value the importance of intergenerational understanding and service in strengthening their local

Qualitative impacts are documented from testimonials from residents who have improved their
mobility because of petting or brushing an animal, or walking with the youth and his or her pet.
Residents smile, laugh, and converse more when a youth and pet are present. A pet allows
seniors to give, as well as receive, nurturance. A 4-H’er’s pet opens the door to communication
between the youth and senior adult. Youth who are committed to this program develop linkages
across generations within families and communities. Youth and pets are pivots for daily life in
nursing homes and similar healthcare institutions. Current 4-H PetPALS volunteers and
members cannot keep up with the requests from healthcare administration for this program.

Resource Commitment:
External funds were secured for the development and piloting of 4-H PetPALS through a grant
from the Iams Company in the amount of $65,500.

Collaborators with Ohio State University Extension include: The Iams Company; The Ohio
State University College of Human Ecology; The Ohio State University College of Veterinary
Medicine; Virginia-Maryland Regional College of Veterinary Medicine; Virginia Cooperative
Extension Service; Ohio 4-H Foundation; American Kennel Club; Arlington Court Nursing &
Rehabilitation Center, Pleasant Hill Manor, The Grand Court, and The Madison House – assisted
living, skilled nursing, and rehabilitation healthcare facilities; Ohio 4-H State Dog Advisory
Committee; and numerous 4-H Extension faculty and staff, 4-H volunteer leaders and members.

Contact Person(s):
Lucinda B. Miller, Leader, Ohio 4-H Small Animal & Youth-Companion Animal Interaction
Programs, The Ohio State University; 2120 Fyffe Road; Columbus, OH 43210-1084
Phone: 614.292.4410 Fax: 614.292.5937 E-mail:

Base program areas to which this program applies:
4-H Youth Development

           4-H and Boys & Girls Clubs: A Club-Within-A-Club
Attracting youth from high-risk environments as 4-H participants can present challenges.
Lacking a family history of 4-H participation, these young people are not the ones who readily
come forward to enroll in 4-H clubs. Furthermore, 4-H clubs are not routinely offered during the
time periods when the need for youth development programming is greatest (e.g., after-school
hours). Such programs in the out-of-school hours can give youth safe, supervised places to spend
time, along with chances to learn new skills, develop their interests, and spend meaningful time
with peers and adults (Eccles & Gootman, 2002; Posner & Vandell, 1994; U.S. Department of
Education & U.S. Department of Justice, 2000). It is often difficult to sustain program efforts
with underserved audiences. Partnerships with organizations that share youth development goals
in common with 4-H and offer regular programs during after-school hours is one solution to this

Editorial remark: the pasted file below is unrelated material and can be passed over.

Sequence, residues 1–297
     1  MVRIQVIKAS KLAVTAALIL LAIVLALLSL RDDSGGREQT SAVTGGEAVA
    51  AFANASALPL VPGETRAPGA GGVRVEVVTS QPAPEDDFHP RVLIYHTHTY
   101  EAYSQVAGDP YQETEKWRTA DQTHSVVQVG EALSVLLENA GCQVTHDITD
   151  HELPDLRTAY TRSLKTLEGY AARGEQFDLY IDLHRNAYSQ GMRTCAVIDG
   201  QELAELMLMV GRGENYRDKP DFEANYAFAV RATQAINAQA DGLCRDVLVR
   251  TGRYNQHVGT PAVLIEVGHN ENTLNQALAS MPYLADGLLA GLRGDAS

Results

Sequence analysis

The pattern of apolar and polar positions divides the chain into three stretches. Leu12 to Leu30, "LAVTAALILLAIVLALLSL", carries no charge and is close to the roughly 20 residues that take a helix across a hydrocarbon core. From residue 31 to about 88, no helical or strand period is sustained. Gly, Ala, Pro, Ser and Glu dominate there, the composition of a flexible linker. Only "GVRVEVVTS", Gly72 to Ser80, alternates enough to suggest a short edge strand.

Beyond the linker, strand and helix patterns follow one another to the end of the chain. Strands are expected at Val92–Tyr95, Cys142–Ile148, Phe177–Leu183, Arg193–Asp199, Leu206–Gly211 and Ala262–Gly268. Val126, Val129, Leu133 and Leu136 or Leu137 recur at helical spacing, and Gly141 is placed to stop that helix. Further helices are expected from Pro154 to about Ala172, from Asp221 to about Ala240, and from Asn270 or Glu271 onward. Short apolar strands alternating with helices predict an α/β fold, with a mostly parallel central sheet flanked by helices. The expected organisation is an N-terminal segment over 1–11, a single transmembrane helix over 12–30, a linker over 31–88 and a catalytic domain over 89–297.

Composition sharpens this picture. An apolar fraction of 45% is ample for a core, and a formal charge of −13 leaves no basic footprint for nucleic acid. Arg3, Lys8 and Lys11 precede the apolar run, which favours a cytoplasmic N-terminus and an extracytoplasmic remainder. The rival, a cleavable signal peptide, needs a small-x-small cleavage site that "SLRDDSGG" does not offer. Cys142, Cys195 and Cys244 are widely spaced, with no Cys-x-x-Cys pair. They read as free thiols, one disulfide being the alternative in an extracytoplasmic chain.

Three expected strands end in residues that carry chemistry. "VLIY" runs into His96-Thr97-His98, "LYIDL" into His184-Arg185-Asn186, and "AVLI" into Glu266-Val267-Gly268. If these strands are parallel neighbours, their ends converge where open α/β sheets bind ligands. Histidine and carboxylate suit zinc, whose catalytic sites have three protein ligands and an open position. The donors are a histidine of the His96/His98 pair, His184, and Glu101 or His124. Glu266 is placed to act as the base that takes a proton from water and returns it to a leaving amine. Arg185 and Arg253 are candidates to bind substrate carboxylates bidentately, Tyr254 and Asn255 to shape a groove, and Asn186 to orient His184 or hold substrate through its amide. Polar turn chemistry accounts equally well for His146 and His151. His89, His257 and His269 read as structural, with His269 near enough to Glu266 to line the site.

Program Description:
While there are many ways for Extension professionals to envision their role in creating youth
development programs in the after-school hours, one method receiving attention is what we call
the club-within- a-club model. In other words, the 4-H club operates within the structure of a
community-based organization that manages an after-school program (Ferrari, 2002). Ohio 4-H
Youth Development and Boys & Girls Clubs of Columbus, Inc. have been working together to
build a long-term relationship that brings 4-H clubs and activities to Boys & Girls Clubs
facilities and members.

A graduate student intern served as an adviser for 4-H club meetings at two sites during the
initial program year. 4-H Club meetings were held once a week during the school year and twice
a week during the summer at two Boys & Girls Clubs facilities. There was a designated time and
location for club meetings. Visitors to the Boys & Girls Club would recognize the pledge and the
clover as familiar 4-H symbols. They took roll, selected officers on a meeting-by-meeting basis,
participated in special recognition such as Family Nights, had 4-H bulletin boards posted at each
site, and created a club exhibit for the Ohio State Fair. Through the 4-H club, Boys & Girls
Clubs has been able to offer their members more programming options and an opportunity to
work on projects such as urban gardens, nutrition and cooking, and other areas in which they
have had minimal exposure. As a culmination to the cooking project, youth prepared a meal for
their parents, an event which was deemed successful for the high level of parental involvement

Stakeholder Satisfaction:
Both organizations perceived benefits. This move has allowed 4-H to reach a more urban
audience, a majority of whom were African American; these were not youth who would have
otherwise participated in 4-H without this effort. Furthermore, the Boys & Girls Clubs have been
able to offer their members more diverse programming. Staff interviews supported the view that